Read A Baby for Hannah Online

Authors: Jerry S. Eicher

Tags: #Christian Fiction, #Amish, #Christian, #General, #Romance, #Fiction, #Religious, #Love Stories

A Baby for Hannah (4 page)

BOOK: A Baby for Hannah
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“But Jake,” she said, grabbing his arm, “the way you preach and the way you pray and how you talk with God. I know you’re saved because I know your life. I’m your wife. You surely don’t doubt, do you?”

“No,” he said, shaking his head in the shadows. “But I guess I grew up in a different community than you did. We believed a man’s relationship with God was a private matter. That you didn’t go talking about it with everyone, like it didn’t mean anything, and like you could tell God what He was and wasn’t supposed to be doing.”

“You are a
gut
man,” she said, still holding to his arm. “If I love you so much, God must love you a whole lot more.”

He bent over slowly to kiss her cheek. “We really should talk about something else, Hannah. What if Betty looks out her window and sees us kissing in her yard?”

Hannah giggled. “Then she’ll think we’re really in love.”

“She also will think we’re losing it. We’ve been married long enough to have two pregnancies.”

“All the more reason to have you kiss me,” she said, letting go of his arm as they approached the front door.

Jake rapped gently with his knuckle. Soft footsteps followed, with Betty’s oldest daughter, Kendra, opening the door. She squinted for a moment and then broke into a broad smile.

“It’s Jake and Hannah,” she shouted back into the living room, turning to hold the door wide open. “Do come in. What brings you out tonight?”

“Hannah wanted to speak with your mom,” Jake said, stepping inside.

“About what?” Kendra asked Hannah as she walked past.

“Secrets,” Hannah whispered back and Kendra gasped.

“Really?”

“No, not really,” Hannah said. “Miriam wants to come out for the summer, and we need to see if that might work into your mom’s plans.”

“I would
love
to have Miriam here,” Kendra said. “So
my
answer is definitely yes.”

Hannah smiled. “I also think it would be great, but we’ll have to see what your mom says.”

“Jake and Hannah,” Betty said, entering from the kitchen, “what a surprise! And we have no popcorn made at all.”

“There’s still time,” Steve hollered from his chair, observing the scene.

“I think I will,” Betty said. “Are you staying long enough for that? Surely you are. You can’t just drive all the way over here and not stay for popcorn.”

“We can’t stay long,” Jake said. “But a little popcorn would be great.”

“Then Kendra,” Betty said, “get some made up right away. It won’t take long at all.”

“I’ll get right to it,” Kendra said, disappearing into the kitchen.

“I can help,” Hannah offered.

“No you won’t,” Betty said, taking her arm and leading her after Jake. “You are visitors tonight and will be treated as such.”

“Visitors do work,” Hannah said with a grin.

“Not tonight they don’t,” Betty said, letting go of Hannah’s elbow as they walked into the living room. Jake was already seated on the couch next to Steve in his rocker.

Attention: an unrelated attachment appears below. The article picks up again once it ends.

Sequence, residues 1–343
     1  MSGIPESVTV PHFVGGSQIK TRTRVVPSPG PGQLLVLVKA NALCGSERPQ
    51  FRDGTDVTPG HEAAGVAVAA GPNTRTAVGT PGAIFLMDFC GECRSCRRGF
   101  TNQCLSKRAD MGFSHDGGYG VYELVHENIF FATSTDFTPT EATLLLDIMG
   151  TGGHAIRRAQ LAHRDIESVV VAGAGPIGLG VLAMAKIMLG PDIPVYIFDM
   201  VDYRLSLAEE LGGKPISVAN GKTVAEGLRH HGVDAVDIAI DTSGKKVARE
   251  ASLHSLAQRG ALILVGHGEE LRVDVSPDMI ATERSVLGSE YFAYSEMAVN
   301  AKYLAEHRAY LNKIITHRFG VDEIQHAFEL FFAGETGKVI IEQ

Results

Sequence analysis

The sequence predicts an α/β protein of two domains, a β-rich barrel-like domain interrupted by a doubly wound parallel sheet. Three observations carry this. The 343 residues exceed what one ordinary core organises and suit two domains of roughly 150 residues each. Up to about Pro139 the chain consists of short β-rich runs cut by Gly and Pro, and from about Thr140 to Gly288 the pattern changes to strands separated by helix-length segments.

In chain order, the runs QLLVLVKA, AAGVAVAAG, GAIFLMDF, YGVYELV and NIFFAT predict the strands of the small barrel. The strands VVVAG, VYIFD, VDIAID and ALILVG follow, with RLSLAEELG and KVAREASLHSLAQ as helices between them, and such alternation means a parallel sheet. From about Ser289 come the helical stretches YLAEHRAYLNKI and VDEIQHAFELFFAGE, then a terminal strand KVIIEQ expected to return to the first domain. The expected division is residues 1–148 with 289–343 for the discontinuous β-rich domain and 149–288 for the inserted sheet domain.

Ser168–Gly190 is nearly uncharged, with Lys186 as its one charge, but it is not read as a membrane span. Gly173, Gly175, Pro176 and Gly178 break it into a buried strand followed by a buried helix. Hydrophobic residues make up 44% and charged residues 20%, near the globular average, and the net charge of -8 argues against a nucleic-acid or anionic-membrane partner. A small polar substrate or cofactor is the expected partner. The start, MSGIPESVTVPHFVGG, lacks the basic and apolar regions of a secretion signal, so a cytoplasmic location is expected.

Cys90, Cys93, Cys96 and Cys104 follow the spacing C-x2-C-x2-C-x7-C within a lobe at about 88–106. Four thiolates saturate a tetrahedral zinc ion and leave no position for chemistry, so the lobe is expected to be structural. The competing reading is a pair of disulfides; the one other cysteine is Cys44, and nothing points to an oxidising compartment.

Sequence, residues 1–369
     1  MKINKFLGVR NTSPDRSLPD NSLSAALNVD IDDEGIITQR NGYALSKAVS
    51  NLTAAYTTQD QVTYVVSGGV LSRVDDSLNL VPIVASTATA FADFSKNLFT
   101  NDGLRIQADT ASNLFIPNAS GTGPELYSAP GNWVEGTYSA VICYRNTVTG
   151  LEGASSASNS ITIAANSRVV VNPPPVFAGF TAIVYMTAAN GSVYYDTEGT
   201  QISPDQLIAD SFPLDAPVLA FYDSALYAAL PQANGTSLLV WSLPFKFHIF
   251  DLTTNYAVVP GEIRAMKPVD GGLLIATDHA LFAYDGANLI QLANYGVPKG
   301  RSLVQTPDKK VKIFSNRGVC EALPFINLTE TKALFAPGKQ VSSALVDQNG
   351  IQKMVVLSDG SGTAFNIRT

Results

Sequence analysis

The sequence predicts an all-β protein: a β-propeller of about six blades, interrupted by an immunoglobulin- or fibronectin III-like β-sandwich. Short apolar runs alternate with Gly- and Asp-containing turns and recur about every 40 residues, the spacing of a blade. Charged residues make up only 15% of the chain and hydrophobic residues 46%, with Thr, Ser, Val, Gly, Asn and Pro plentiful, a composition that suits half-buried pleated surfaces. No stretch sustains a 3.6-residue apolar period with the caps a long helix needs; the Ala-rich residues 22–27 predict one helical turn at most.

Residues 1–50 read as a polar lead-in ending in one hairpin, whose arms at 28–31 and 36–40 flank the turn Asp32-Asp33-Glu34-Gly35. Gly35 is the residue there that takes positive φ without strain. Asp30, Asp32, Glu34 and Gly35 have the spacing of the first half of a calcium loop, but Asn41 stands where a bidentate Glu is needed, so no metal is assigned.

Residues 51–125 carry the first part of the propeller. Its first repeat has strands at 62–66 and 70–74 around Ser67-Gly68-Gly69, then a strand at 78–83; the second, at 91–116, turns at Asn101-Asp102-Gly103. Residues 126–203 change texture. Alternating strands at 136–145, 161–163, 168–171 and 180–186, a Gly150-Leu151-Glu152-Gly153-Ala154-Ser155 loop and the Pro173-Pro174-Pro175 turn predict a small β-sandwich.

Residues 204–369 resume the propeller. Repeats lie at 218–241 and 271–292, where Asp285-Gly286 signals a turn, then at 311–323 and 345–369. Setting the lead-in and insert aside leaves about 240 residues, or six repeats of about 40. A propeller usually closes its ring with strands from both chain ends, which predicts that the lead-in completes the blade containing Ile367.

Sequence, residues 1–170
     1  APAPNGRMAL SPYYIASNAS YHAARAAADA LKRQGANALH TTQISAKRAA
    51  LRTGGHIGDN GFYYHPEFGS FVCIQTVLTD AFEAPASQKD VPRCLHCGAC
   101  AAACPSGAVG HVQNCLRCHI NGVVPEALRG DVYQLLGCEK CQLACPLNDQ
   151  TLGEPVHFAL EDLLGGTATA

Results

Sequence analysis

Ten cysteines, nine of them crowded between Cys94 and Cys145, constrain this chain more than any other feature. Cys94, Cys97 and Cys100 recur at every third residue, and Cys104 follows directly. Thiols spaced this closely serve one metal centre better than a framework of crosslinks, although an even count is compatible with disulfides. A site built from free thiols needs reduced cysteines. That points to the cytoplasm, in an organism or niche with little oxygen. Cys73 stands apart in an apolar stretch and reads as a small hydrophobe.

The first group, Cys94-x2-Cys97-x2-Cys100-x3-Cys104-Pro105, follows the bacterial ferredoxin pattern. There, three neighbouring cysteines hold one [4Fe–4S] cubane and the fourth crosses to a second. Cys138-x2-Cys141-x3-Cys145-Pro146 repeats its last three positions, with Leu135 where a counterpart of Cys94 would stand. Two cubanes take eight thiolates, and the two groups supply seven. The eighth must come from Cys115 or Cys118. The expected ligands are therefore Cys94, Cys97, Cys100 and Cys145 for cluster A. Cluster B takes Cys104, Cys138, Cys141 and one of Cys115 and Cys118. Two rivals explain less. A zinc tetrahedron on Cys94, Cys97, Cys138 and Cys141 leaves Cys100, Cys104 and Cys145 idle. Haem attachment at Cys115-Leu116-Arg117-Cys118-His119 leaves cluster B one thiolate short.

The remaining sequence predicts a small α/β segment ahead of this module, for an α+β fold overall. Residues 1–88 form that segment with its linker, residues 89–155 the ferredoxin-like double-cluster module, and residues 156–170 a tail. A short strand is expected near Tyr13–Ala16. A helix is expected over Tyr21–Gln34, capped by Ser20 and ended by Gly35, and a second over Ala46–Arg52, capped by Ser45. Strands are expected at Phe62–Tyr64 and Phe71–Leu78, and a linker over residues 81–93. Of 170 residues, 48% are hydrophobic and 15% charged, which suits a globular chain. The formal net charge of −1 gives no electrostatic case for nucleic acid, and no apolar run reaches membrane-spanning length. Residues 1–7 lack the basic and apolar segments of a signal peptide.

“I had to talk with Betty,” Hannah said, explaining the visit to Steve as she sat beside Jake.

“Women’s secrets?” Steve said. “I suppose Betty will be glad to get in on the new gossip.”

“Now, Steve,” Betty said with a glare, “Hannah is a minister’s wife, and she doesn’t gossip.”

“Oh, I suppose minister’s wives still have a few faults,” Steve said with a smile, glancing at Hannah. “Don’t they, Jake?”

“She doesn’t have very many,” Jake said, patting Hannah on the arm.

“Now see there,” Betty said. “You’ve hurt the poor girl’s feelings for no good reason at all.”

“I’m not perfect, Betty,” Hannah said, getting a word in edgewise. “Now, let’s talk about something else besides me.”

“Do I get in on the secret?” Steve asked.

“Really, it’s nothing much of a secret,” Hannah began. “Well, maybe it is, but Mom wanted me to look into this right away so they can make plans.”

In the background the sound of popcorn popping came from the kitchen, and Hannah paused to listen.

“Go out and help your sister,” Betty said to twelve-year-old Nancy. “Maybe you could get the apples from the basement.”

Nancy closed her book and headed for the kitchen.

Hannah followed the young girl with her eyes. “Your children are growing up so fast.”

“Yes, we all are getting older. I suppose it won’t be long now before Steve and I are grandparents.”

“Hey, don’t be rushing things,” Steve said. “He just brought Kendra home on Sunday night for the first time.”

“It was Mary Keim’s boy, the youngest—Henry,” Betty explained. “He’s so handsome, I couldn’t believe it when Kendra told me he asked her. I always wanted good-looking boys for my girls, but this was such a surprise. It’s as if
Da Hah’s
actually seeing eye-to-eye with me on the subject!”

“They’re not married yet,” Steve cautioned.

“But they will be…in a few years,” Betty said knowingly. “Kendra won’t let this one slip away.”

“So, I still haven’t heard the juicy gossip,” Steve said, rocking steadily.

“Steve, there are children around, and there is no gossip,” Betty said. “So please quit saying so.”

He laughed, “Well, I’m waiting all the same.”

“Popcorn!” Kendra announced, coming into the room with a heaping plastic bowl, carrying smaller bowls with her other hand.

“Popcorn,” Steve said. “Help yourself there, Jake. You’re sure not saying much tonight.”

“Well, it’s Hannah who wants to talk with Betty,” he said.

“Jake uses up all his words preaching,” Betty said. “Don’t you know that, Steve? You shouldn’t tease the man like that.”

Jake grinned. “I’d talk if I had something to say, but eating popcorn looks like a better idea.”

“That’s the man for me,” Steve said, heaping high one of the smaller bowls. He handed it to Jake, who took it, settling back on the couch. Steve filled his own bowl, while Betty stood up to prepare one for Hannah.

“Just a little popcorn,” Hannah said with a wave of her hand.

“So start from the beginning,” Betty said, sitting down again.

“Mom wrote a letter,” Hannah said before chewing some popcorn slowly. “She wonders whether Miriam could come out for the summer and perhaps on into the fall. Miriam has been wanting to travel for some time, I guess, and this would be the year for it since she turned twenty-one last summer.”